Health misinformation is a pandemic, and social media is desperately trying to navigate it

Easy access to information and the Internet has created a significant impact in society. From increasing overall cultural and news literacy to empowering people to stay connected, the fast-paced information age has certainly changed the way society communicates. However, with it came certain challenges – and the spread of misinformation is central to those challenges.

The fear of misinformation was especially prevalent during the Covid-19 pandemic, when there was a global state of mass confusion and lack of understanding about what the virus is, who can be affected, how to prevent infection, death, etc. -medical professionals shared their opinions about the virus, which challenged the opinions of trained medical professionals, causing not only chaos but also a sense of distrust in the general community.

This is an ephemeral challenge on social media and public information platforms; companies and moderators struggle with the ever-tough balance between over-moderating and restricting free speech versus promoting a platform that spreads misinformation.

Late last week, YouTube, one of the world’s largest online video sharing and media platforms, launched a new initiative on that front. Dr. Garth Graham, Global Head of YouTube Health, wrote in a blog post titled “New Ways for Licensed Healthcare Professionals to Reach People on YouTube” and explained, “When it comes to our health, people trust healthcare professionals , to give us the best advice. But the opportunity that healthcare professionals have to inform and educate their patients largely stops at the door of the clinic. The reality is that the majority of healthcare decisions are made outside the doctor’s office, in the daily lives of our patients […] Today, we’re announcing that for the first time, certain categories of health professionals and health information providers can apply to make their channels eligible for our health product features, which launched in the US last year. This includes health source information panels that help viewers identify videos from credible sources and health content shelves that highlight videos from those sources when searching for health topics so people can more easily navigate and evaluate health information online.”

Essentially, YouTube is trying to provide a higher quality of health information through its platforms, with the hope that this helps the wider YouTube community find more legitimate content and links they can trust.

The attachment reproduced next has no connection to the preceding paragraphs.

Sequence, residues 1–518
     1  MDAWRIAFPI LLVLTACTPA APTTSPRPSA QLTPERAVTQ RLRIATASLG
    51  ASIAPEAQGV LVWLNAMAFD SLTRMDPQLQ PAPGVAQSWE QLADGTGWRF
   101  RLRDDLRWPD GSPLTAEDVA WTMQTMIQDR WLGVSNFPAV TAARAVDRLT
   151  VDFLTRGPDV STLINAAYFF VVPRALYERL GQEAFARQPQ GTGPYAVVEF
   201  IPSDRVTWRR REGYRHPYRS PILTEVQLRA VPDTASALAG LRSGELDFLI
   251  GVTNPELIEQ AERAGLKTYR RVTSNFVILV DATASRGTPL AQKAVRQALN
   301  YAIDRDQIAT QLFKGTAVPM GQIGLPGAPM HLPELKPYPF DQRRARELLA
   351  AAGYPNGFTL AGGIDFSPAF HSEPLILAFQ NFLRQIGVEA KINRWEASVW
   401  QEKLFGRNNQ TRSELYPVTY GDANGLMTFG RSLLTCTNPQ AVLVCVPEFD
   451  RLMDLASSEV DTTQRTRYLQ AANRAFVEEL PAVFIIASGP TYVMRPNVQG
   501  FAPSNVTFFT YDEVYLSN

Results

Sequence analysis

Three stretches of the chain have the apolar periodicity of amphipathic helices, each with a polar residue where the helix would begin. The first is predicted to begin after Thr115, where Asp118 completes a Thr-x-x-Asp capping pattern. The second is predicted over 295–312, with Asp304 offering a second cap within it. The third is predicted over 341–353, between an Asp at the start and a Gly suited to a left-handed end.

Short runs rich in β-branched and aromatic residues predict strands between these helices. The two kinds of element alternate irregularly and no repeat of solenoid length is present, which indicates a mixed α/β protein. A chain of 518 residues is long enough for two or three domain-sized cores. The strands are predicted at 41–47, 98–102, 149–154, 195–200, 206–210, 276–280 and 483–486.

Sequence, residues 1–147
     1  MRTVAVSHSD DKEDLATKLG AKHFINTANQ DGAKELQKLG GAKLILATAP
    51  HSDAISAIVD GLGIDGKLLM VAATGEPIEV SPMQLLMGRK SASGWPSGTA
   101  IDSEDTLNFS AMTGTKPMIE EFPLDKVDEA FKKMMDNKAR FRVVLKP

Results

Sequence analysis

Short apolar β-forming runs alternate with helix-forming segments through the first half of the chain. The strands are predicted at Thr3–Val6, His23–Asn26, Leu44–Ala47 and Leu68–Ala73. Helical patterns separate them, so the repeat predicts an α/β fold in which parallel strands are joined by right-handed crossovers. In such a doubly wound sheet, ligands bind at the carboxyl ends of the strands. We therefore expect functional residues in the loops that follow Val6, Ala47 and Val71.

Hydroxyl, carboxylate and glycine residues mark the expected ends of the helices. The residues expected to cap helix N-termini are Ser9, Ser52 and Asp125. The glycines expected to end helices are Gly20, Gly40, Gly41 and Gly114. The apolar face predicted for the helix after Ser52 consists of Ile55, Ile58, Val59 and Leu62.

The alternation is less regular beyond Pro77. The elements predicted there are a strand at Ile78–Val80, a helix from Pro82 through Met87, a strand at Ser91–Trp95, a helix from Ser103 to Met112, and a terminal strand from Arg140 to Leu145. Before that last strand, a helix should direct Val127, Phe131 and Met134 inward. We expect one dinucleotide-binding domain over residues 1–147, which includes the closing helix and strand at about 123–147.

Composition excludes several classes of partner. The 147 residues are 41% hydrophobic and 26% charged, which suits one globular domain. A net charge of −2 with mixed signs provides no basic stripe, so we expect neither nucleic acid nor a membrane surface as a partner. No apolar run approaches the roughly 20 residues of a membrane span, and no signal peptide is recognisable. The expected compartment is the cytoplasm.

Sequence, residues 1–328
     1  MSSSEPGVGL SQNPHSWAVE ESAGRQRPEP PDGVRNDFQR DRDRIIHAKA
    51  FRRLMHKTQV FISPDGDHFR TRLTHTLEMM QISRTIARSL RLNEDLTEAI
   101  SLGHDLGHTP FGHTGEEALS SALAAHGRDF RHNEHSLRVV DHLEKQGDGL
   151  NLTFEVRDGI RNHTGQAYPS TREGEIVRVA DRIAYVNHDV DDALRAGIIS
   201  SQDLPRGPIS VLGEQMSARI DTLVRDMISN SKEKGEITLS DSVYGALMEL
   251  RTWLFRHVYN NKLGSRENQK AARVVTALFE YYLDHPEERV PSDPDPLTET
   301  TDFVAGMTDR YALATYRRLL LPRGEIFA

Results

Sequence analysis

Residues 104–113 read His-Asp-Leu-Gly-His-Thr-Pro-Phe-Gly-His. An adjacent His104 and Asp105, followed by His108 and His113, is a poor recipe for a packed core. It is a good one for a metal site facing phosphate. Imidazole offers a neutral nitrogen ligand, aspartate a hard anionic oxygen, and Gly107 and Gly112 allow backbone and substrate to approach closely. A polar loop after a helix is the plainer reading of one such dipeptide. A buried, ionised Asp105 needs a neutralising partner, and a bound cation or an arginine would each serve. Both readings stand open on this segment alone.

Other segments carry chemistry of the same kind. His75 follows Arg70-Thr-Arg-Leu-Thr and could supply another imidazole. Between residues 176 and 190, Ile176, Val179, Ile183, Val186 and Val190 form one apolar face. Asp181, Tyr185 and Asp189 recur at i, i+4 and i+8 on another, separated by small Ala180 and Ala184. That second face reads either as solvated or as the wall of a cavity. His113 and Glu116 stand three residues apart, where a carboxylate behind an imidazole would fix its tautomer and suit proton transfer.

YouTube is certainly not the only platform going through significant growing pains on this front. Facebook (now known as “Meta”) has for many years been given considerable control over how content is moderated on its platforms, from the actual Facebook app to Instagram. The company’s CEO and founder Mark Zuckerberg has repeatedly come under scrutiny on this topic, especially considering that the platforms reach nearly 2 billion people a month.

More recently, the dramatic purchase of Twitter Inc. by Tesla founder Elon Musk has attracted considerable media attention. One of Musk’s self-proclaimed interests in buying the company is said to be based on his dissatisfaction with the way Twitter moderates content and controls the flow of information. In a post last week, Musk shared an open Note addressed to “Twitter Advertisers”: “The reason I acquired Twitter is that it is important to the future of civilization to have a common digital town square where a wide range of beliefs can be discussed in a healthy way without resorting to violence. Right now there is a great danger that social media will split into far-right and far-left echo chambers that generate more hatred and divide our society.

Musk has consistently announced the formation of a “content moderation council” that will review content and account recovery decisions to ensure better alignment with Twitter’s mission and guidelines.

Indeed, this is also important in terms of health misinformation, as Twitter is a conduit for vast amounts of health data and news. During the height of the pandemic, doctors and providers of all backgrounds took to Twitter (the most common hashtags included #MedTwitter, #MedEd—“medical education,” or #FOAMed—“Free and Open Access Medical Education”) to show the scenes of on the front lines, often sharing their own experiences and advice on how to deal with the virus and other illnesses. Of course, this soon led to the ephemeral problem: who is to be trusted? Notably, Twitter boasts nearly 450 million monthly active users.

None of this content management work will be easy. The reason this problem even exists is because of the constant challenge between the right to free speech, the dissemination of accurate information, and public safety concerns. Finding the right balance between these factors is proving to be somewhat of a challenge for these companies. Really, the best thing consumers can do for themselves is to ultimately consult their own trusted licensed and trained medical professionals for any concerns. Regardless, the question of how best to communicate information is one of the most important thought issues for leaders to consider, as the future of our world truly depends on it.

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